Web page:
On August 28,1963, Reverend Martin Luther King Jr. delivered the monumental ‘I Have A Dream’ speech at the March on Washington for Jobs and Freedom. This speech was intended to reflect King’s social experiences of the mistreatment of African Americans. The speech draws upon appeals to American’s myths as a nation founded to provide freedom and justice to all people. The rhetoric of the speech provides redemption to America for its racial sins. The speech have had a massive impact as it managed to illustrate the racist problems of the time and provide the audience into feeling sympathy while providing hope to the depressed African American population.
The African American activist, leader in the African American Civil Rights Movements, established his reputation as one of the greatest operators in American history. King achieved this milestone through his use of allusion, metaphor and anaphor.
King uses rhetorical devices in his speech such as when he alludes to several different works comparable to the Bible or Lincoln’s Gettysburg Address.
Syncing King’s ideas with what is considered righteous by many people, makes the audience remember important parts of the past and helps audience understand the situation, all of which are important to the success of the speech. An example of this is when King begins his second sentence with ‘Five score years ago, a great American in whose symbolic show we stand today’ (Let.rug.nl, 1963). By using this statement, Dr. King alludes to Abraham Lincoln’s : Gettysburg address, thus arousing a sense of patriotism in his listeners.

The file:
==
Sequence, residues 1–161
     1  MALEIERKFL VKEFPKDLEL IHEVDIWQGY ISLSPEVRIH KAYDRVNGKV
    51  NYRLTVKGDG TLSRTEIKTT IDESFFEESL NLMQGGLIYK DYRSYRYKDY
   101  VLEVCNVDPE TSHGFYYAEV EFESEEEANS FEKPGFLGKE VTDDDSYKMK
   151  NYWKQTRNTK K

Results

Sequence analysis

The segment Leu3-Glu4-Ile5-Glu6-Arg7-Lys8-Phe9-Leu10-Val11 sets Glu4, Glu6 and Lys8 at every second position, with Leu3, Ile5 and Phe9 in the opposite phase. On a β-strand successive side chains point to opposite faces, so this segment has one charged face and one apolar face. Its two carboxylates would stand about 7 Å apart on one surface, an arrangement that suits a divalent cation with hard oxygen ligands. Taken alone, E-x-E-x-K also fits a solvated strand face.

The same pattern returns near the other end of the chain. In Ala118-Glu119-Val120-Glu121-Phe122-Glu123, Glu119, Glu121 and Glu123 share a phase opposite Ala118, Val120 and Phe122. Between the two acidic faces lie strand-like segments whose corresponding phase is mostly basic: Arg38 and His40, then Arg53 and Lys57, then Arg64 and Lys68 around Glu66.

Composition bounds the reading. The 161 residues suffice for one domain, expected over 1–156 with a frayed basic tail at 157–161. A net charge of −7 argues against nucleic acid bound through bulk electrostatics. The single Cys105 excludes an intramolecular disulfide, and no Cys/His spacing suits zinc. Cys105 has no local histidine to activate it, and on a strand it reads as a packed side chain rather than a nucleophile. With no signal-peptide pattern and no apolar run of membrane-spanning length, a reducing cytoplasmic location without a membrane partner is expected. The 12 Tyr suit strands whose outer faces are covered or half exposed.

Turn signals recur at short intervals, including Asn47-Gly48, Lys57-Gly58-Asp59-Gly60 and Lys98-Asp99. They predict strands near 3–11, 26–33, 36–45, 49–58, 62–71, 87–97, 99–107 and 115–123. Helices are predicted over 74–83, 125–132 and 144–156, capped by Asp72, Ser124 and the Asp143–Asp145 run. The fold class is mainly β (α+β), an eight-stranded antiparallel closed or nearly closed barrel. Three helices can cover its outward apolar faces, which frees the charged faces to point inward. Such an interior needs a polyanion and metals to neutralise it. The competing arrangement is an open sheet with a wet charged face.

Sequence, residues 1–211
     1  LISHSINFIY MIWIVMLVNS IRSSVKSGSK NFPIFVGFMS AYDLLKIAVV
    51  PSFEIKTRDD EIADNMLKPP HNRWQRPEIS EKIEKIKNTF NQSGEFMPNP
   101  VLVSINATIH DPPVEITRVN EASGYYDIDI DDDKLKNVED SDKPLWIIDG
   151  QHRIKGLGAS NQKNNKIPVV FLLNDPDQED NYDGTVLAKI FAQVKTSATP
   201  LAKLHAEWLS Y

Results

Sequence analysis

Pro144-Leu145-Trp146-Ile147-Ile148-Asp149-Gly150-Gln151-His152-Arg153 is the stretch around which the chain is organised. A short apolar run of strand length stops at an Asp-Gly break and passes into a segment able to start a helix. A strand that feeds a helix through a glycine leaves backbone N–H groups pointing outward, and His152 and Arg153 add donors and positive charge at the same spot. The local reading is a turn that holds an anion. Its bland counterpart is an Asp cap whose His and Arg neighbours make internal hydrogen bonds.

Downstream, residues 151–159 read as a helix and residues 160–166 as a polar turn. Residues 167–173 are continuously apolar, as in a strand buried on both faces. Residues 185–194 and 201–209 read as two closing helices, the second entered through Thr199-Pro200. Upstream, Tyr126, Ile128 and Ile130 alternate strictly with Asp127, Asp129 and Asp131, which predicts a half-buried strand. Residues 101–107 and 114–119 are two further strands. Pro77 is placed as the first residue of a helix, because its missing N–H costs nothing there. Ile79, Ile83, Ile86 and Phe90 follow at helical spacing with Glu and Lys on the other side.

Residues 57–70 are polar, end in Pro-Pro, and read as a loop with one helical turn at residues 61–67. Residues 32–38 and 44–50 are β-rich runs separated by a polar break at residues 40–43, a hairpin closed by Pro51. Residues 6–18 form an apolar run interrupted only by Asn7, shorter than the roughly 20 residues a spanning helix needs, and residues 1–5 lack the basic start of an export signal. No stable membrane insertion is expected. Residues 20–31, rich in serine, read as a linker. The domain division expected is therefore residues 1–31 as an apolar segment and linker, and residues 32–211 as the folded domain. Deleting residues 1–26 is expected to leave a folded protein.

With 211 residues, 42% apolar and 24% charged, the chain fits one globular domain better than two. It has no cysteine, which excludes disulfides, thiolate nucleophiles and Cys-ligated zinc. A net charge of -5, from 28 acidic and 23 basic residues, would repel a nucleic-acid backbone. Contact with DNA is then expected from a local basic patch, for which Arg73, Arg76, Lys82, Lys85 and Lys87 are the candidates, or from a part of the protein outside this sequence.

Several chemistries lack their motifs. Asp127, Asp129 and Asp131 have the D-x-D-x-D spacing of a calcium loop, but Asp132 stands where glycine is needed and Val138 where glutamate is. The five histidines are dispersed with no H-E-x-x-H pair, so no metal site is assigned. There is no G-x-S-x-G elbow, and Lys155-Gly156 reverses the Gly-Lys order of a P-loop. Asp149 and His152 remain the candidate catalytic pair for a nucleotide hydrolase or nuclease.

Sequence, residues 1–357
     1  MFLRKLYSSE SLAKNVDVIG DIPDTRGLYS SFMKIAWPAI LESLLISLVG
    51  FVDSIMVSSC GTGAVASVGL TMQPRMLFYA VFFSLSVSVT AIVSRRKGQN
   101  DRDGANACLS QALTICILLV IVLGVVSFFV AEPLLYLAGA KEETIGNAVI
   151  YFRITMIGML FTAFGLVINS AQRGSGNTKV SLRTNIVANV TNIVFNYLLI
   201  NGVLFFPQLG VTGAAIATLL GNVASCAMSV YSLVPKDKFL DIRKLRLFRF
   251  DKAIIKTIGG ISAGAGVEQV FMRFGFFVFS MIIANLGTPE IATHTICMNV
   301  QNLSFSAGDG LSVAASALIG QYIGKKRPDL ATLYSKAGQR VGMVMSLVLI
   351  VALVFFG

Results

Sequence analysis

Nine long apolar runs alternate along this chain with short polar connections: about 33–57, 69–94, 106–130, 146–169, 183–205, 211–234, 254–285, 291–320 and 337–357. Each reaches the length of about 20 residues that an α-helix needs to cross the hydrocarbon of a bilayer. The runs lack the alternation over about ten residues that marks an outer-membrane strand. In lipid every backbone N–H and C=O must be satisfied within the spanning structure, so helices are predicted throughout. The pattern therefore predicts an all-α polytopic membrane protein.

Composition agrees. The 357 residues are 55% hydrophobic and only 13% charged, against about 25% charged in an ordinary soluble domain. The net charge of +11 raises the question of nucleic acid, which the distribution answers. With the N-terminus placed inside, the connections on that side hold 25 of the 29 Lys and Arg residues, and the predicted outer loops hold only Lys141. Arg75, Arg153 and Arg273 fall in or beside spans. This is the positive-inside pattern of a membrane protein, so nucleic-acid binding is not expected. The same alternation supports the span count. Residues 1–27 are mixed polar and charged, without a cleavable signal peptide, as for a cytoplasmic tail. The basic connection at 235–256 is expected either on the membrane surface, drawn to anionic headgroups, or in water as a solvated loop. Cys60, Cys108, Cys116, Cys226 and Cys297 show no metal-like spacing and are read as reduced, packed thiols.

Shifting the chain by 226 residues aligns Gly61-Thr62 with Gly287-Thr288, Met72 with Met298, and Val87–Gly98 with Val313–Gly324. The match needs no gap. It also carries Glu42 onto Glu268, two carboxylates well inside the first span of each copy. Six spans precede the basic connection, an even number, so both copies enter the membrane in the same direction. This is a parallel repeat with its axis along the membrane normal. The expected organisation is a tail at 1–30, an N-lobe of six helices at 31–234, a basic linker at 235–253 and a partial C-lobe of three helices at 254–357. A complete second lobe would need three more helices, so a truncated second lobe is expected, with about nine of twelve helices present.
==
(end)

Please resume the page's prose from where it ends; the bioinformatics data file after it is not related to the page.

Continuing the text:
The use of allusion in the opening line also establishes a standard of expectation for the rest of his speech. By using a similar style of opening as Gettysburg’s address he sets a comparison between Lincoln’s speech and his own. Due to the fact that the Gettysburg address is also about human rights and that most people remember Lincoln as being a staunch supporter of blacks. This allusion make the audience remember the line in the Gettysburg’s Address ‘A government of people, by the people and for the people.’ that one of the greatest men in history opposed segregation, which concept he expounds on in the context of his speech (Abrahamlincolnonline.org, 1863).
Another impact that the opening two-phrase ‘Five score’ had was the same as the impact Lincoln’s use of the phrase in 1863. This alluded to the grandiose language of the Bible, and thus utilised some of the Bible’s ethos to add power to his speech. Both Lincoln’s and King’s audiences had are majority Christians, by making the audience think that King words are in sync with the Bible, King manages to make the audience feel as if his argument are all definitely righteous and should be supported. Furthermore, it allows King to open his listeners’ ears and hearts, allowing his words to penetrate their innermost emotions, adding an unmatchable force to his words that would give his audience the enthusiasm and the drive for continuing the civils right movement and enduring the resulting hardships ahead. Metaphor, another useful rhetorical device has been used in this speech, are essential to help audiences fully understand an idea as it compares an idea with something the audience is familiar. King uses a series of metaphors in the middle of his speech. He claims that by ‘The Constitution and Deceleration of Independence’, the forefathers of America were ‘singing a promissory note’ that all people, whatever colour, would be granted the same rights.